On Monday's ATC, Peres talks through Bob Siegel as this duo tries to drum up the fear factor regarding Iran. I loved this part in which Peres shares his political wisdom completely unchallenged:
"Political parties know that politics is based on compromises. Religious parties are uncompromising and that's the trouble with ___________________ ....they are so HOLY that they feel they have the right to kill other people...they are putting their own people in power. They've divided the Palestinian people. They invited an attack upon Gaza. They produce bloodshed..."
Only a complete dummy would miss the irony of Peres' description of the settler-friendly government of Israel Hamas.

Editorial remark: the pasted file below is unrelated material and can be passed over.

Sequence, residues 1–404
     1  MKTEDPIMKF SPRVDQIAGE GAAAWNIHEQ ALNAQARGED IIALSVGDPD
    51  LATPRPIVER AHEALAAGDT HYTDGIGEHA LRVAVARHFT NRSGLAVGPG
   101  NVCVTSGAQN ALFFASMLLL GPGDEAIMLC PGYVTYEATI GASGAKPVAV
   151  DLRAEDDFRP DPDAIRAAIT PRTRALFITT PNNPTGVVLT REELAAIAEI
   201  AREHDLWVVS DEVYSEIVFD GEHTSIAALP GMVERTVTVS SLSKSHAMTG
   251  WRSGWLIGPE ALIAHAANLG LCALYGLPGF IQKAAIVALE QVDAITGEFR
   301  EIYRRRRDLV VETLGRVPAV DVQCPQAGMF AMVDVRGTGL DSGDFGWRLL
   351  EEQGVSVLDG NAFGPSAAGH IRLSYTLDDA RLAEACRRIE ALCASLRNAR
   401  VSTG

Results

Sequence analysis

Monday, May 04, 2009

Q Tips

NPR related comments welcomed.

Saturday, May 02, 2009

NPR skeptical on smart grid

ME and ATC just finished a week-long series on the potential for modernizing the nation's electricity grid. The ten-part series covered a lot of issues, but one message was clear from the first installment by Jeff Brady on Monday:
"It's fairly easy with coal and gas generators. You just fire one up when you need electricity. But solar and wind are far less reliable."
This turned out to be a major underlying message repeated throughout the week.

Christopher Joyce with:
"The grid can't handle all the new solar and wind power the president wants to build to create a greener energy economy."
"Despite the promise that these are needed to get more green energy from solar and wind generators, the proposal faces a host of obstacles."
"Does everyone really want renewable energy brought in from distant producers over power lines subsidized by the federal government?"